London, March 28, 1879.
Dear Sir, – In reply to your favour of the 1st instant (to hand on the 22nd), relating to the formation of a comedy and burlesque company for Bombay for a season of a guaranteed period of twenty weeks, there is little doubt that, if reasonable time is given me…, I can procure artists thoroughly qualified for such a purpose, taking care that the ladies shall, in conjunction with the necessary ability, possess good personal appearance…
The ‘good personal appearance’ of the burlesque company’s ladies would however become a matter of deep contention. After numerous advertisements, the English Comedy and Burlesque Company comprising the actresses Agness Birchenough, Edith Wilson, Madge Antoinette, Gertrude Dore, and Minnie Hampton arrived in Bombay to perform James Albery’s celebrated comedy The Pink Dominos on December 6, 1879. Curtains were hung up, matting laid down, the last chairs placed and numbered, and the ‘well-dressed, fashionable audience’ was finally admitted. Everything, according to the Times of India, ‘was perfect and in order.’ ‘The auditorium presented a scene bright, animated, and business-like as that of any theatre in the Strand on the first night of an anticipated triumph.’ It was, according to an English correspondent, almost impossible to avoid thinking we were again in the midst of civilisation in the West End of London.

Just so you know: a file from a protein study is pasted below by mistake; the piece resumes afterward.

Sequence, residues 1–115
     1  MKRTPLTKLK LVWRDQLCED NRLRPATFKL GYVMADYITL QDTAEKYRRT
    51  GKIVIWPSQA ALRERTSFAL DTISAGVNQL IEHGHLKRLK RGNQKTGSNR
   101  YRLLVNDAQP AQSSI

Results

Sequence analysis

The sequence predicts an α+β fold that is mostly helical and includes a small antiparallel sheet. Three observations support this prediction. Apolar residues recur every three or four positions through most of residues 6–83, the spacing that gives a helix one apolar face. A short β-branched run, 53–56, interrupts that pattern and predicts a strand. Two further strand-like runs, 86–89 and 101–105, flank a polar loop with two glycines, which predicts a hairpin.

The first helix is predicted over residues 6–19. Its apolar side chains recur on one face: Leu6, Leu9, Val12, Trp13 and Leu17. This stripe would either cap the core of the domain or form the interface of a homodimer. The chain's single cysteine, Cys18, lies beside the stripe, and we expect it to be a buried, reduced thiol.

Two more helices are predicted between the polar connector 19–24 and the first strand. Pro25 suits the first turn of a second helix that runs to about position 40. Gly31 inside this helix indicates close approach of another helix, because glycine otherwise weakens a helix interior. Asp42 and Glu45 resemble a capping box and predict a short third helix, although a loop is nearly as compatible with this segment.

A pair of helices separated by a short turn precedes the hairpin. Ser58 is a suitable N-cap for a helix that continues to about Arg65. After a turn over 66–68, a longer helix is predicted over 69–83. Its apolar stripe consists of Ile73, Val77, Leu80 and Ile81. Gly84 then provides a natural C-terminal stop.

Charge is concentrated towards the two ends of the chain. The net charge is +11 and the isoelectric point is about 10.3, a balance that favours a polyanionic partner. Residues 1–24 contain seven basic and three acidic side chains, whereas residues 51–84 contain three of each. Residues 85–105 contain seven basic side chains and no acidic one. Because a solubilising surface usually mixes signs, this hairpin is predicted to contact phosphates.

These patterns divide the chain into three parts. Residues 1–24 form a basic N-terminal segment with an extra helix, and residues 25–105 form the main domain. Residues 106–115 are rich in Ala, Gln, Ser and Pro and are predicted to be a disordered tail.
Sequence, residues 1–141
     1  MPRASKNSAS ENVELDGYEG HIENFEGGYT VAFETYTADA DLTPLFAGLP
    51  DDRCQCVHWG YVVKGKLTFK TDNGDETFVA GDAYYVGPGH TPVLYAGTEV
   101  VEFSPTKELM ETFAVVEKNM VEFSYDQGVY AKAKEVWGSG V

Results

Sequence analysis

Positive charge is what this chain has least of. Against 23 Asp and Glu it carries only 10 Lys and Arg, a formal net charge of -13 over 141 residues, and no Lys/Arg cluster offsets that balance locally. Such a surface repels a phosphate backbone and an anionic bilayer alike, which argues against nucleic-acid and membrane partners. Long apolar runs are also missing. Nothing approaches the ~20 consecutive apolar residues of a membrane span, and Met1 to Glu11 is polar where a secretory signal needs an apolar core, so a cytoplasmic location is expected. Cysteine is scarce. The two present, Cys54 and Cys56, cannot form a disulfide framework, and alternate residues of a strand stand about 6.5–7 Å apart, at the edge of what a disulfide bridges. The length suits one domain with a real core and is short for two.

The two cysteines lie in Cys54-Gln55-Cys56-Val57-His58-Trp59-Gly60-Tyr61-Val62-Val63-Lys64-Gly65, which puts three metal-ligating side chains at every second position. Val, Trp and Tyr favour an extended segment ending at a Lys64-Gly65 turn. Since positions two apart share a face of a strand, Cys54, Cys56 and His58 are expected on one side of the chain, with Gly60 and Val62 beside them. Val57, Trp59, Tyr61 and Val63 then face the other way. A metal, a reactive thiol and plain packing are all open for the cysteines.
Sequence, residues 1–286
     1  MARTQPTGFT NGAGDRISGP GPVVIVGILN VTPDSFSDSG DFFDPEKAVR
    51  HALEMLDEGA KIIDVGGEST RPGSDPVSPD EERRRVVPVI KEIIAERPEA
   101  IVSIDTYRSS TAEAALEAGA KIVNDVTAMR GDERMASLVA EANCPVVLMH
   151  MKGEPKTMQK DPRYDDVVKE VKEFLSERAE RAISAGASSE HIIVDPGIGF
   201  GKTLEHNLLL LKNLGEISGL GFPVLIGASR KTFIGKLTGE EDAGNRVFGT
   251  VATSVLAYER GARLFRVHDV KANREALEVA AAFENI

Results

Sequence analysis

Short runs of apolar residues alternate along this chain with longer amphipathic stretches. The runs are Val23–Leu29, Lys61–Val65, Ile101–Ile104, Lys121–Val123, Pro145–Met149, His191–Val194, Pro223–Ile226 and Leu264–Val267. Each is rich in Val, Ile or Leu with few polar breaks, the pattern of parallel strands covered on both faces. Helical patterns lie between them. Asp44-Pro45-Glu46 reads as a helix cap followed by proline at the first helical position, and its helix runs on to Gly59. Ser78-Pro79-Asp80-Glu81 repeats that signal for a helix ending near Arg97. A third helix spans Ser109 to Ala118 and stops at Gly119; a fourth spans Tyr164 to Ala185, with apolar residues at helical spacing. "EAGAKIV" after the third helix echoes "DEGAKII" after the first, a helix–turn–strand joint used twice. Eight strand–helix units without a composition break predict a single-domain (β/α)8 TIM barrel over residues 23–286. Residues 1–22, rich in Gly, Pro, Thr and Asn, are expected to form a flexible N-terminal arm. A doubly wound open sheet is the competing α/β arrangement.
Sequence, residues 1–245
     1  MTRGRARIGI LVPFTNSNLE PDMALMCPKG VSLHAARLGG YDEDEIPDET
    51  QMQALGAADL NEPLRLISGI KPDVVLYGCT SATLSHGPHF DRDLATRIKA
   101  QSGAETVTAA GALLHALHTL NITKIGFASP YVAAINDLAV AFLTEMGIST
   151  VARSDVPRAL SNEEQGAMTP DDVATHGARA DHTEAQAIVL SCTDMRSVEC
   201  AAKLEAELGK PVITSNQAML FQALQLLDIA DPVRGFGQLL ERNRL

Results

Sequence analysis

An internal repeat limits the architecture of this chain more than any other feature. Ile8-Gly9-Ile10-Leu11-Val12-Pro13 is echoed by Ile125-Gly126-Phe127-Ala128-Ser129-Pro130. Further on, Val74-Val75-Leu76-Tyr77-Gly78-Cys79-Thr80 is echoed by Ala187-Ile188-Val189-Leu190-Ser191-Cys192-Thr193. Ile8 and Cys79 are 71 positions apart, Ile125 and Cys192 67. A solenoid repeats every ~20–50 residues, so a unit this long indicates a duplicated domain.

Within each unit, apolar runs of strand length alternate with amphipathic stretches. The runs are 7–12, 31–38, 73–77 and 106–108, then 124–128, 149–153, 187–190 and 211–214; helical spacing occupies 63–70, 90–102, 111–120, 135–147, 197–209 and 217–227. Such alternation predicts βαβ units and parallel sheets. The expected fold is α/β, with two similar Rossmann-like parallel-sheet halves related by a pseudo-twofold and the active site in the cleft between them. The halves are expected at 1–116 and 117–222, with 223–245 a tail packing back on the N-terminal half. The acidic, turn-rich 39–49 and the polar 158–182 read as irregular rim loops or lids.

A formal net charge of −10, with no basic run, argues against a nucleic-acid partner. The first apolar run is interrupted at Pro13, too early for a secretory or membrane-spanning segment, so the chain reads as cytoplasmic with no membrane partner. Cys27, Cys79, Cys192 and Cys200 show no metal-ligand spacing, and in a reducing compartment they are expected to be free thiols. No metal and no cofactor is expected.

With the Gaiety’s opening ‘a new era in the history of the British drama in Western India’ commenced, albeit one that would not last very long. While the Times of India described the performance as worse than those of itinerant American troupes, the Rāst Goftār rebuked the building as ‘ugly’ in comparison to those in the surrounding precincts, prompting Nazir to threaten to close the entire undertaking. Good tidings should have been in the offing on Nazir’s benefit night on April 13, 1880 when Miss Antoinette performed the popular part of the ‘Parsee Girl of the Period’. However, the event would be memorialised in the annals of Indian theatre history not only for the paltriest amount ever raised for a benefit (Rs 10) but also for the beginnings of the ruin of one of the founders of the ‘modern’ Indian theatre.